Mashkov enthusiastically welcomed the October Revolution. In the revolutionary revolution, the artist saw the power to free art from its hatred of decadent brokenness, falsehood and hypocrisy. The flowering of art, he imagined as the final statement in it a realistic beginning.
The leading genre in the post-revolutionary works of Mashkov was still life. In his still lifes, the artist sought to show the beauty and diversity of objective forms in nature, opposing the perfection of the real world, the tricks of the formalists. The world is beautiful as it is, – Mashkov argued with his art, – you just need to be able to see the beauty of every thing. In a still life with a fan, the artist tried to put things together so that the specifics of each would benefit from the neighborhood of others, so that the combination of objects would declare the beauty of life in general.
Mashkov’s dense, pasty painting, his expressive embossed smear helps to feel the materiality of the depicted objects, and the view from above, favored by the artist, reinforces the impression of the bulkiness of things, gives them expressiveness and monumentality. Thoughtfully, carefully examines the master complex form of a silver vase, wooden chandelier, a small elegant bottle. With great skill, he conveys the texture of objects: the mirror-polished mahogany surface gently glitters, the whole symphony of shades shimmers in Karelian birch wood, the mother-of-pearl slats of the fan shine in the twilight, and a bright metallic reflection casts a vase.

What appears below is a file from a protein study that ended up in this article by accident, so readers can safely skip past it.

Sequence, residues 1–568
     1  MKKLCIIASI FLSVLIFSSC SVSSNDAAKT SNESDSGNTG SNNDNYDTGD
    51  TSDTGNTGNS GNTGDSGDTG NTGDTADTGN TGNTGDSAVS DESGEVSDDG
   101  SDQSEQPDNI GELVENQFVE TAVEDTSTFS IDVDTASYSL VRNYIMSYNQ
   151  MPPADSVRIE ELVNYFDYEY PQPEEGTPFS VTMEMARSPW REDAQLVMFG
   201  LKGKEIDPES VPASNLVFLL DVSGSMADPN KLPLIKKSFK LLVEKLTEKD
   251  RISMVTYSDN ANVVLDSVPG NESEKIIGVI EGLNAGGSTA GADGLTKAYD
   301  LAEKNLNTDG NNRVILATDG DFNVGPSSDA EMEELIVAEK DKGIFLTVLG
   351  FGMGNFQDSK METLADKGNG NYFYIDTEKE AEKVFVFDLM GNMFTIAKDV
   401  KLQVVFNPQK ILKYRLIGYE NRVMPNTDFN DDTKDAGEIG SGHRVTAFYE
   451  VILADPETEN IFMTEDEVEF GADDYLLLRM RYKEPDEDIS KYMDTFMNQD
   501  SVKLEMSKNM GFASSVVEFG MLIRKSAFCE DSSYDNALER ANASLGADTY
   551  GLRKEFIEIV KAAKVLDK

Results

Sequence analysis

The beauty of these items particularly benefits from the neighborhood of artificial fruits laid out in the foreground. Roughly painted plaster apples, pears, plums with their lifeless weight emphasize the living charm of these things. This contrast Mashkov repeats again, placing in the depths a picturesque portrait next to a fragment of plaster sculpture. The warm colors of the naked female body in the portrait come to life when compared with the death-gray plaster.